Lack of incentives, no obligation
The reason the generics market is not yet fully developed in Switzerland is in large part due to a lack of incentives for doctors and pharmacists when it comes to prescription. There is even a disadvantage for a self-dispensing doctor or pharmacist, since they receive a lower profit margin. In Switzerland doctors are free to prescribe what they consider to be the best available product; they are under no obligation to prescribe a generic, and the same is true for the pharmacist. It is true that when purchasing a generic the patient has to cover 10 per cent of the costs out of their own pocket, whereas that per centage can rise to 20 in the case of an originator product. Yet this incentive to buy a generic is reduced by the patient’s sickness-fund, which frequently covers all the costs. Intergenerika is asking the government to create further incentives for doctors and pharmacists to prescribe generics. Not with standing a lack of incentives, today more and more sickness funds and patients understand the value of generics when it comes to reduce overall healthcare costs. We are convinced that the growing penetration of generics will continue in the years ahead.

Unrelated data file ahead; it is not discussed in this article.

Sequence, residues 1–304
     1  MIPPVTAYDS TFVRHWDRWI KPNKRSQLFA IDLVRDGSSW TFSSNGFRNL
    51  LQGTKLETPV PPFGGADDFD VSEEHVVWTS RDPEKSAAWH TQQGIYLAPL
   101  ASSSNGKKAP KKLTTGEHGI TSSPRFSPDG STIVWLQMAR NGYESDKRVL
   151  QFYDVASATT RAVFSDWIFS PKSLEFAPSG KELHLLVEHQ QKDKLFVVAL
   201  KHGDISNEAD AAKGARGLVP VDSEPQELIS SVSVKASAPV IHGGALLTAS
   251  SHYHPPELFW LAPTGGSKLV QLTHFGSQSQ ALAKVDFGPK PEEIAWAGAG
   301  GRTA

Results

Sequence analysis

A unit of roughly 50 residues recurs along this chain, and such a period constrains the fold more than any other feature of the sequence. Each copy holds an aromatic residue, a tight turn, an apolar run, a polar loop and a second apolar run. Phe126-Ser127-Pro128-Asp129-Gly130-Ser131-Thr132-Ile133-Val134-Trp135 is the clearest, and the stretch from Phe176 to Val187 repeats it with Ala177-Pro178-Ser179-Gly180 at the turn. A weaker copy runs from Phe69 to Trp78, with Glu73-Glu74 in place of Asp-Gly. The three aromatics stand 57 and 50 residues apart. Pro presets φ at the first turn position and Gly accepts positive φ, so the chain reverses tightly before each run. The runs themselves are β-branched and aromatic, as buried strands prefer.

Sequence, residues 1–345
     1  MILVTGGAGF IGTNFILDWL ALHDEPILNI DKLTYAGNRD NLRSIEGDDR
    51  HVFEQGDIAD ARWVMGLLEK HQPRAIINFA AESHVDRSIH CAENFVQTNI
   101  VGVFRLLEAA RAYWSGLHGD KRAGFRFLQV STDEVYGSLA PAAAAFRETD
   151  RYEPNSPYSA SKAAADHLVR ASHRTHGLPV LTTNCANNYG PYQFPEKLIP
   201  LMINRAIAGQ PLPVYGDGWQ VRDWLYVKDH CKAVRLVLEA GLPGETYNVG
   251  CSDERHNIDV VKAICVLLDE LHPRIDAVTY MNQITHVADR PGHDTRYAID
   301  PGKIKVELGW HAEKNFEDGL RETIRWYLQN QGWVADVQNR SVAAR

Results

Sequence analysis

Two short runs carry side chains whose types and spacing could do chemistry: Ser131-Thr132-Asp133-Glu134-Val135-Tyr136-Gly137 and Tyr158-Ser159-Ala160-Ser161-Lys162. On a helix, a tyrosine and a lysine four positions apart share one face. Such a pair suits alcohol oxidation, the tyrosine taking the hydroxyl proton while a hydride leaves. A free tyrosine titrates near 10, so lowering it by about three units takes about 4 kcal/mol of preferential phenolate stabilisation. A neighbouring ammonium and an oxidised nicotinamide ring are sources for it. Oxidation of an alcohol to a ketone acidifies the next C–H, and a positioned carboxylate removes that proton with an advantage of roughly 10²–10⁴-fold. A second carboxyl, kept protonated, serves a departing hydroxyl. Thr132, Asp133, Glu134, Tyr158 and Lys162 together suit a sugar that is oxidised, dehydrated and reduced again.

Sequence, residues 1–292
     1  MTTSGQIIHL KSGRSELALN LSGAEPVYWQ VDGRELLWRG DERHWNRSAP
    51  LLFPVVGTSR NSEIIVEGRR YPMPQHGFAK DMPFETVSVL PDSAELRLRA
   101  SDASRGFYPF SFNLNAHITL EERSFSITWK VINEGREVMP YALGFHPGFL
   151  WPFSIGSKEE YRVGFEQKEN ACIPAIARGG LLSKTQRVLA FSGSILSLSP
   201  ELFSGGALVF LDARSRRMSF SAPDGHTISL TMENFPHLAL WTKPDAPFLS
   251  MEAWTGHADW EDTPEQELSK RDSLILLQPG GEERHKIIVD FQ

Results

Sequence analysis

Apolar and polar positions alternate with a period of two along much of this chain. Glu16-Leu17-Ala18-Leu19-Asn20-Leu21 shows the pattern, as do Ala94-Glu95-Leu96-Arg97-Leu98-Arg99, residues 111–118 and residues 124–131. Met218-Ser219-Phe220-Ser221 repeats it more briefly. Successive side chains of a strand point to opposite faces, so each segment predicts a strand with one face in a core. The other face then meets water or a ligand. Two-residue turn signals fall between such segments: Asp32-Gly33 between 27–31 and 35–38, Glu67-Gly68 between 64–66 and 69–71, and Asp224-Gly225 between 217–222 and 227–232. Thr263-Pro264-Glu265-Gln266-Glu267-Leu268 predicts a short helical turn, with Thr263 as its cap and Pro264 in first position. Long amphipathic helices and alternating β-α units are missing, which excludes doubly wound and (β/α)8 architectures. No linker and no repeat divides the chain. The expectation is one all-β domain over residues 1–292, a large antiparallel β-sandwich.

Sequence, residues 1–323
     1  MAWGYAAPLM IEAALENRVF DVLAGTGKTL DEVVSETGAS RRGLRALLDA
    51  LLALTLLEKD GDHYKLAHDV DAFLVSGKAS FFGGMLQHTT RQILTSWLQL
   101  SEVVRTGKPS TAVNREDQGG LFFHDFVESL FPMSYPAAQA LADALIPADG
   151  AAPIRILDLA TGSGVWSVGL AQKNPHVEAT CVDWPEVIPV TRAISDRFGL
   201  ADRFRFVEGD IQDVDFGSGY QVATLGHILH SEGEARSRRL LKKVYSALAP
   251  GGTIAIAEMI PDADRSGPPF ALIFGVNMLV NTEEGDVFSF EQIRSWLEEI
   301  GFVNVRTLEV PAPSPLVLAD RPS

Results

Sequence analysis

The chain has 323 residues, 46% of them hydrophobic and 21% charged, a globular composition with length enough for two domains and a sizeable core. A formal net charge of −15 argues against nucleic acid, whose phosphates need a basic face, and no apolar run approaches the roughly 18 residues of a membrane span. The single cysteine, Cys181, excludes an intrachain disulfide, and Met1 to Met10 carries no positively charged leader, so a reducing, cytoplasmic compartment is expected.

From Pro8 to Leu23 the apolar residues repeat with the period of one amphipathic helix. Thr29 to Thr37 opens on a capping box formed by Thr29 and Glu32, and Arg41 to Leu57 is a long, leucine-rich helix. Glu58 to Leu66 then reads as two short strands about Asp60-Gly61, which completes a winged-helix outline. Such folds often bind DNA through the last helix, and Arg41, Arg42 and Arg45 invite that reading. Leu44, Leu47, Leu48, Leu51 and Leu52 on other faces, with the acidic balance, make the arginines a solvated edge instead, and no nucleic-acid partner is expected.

Advocating freedom of choice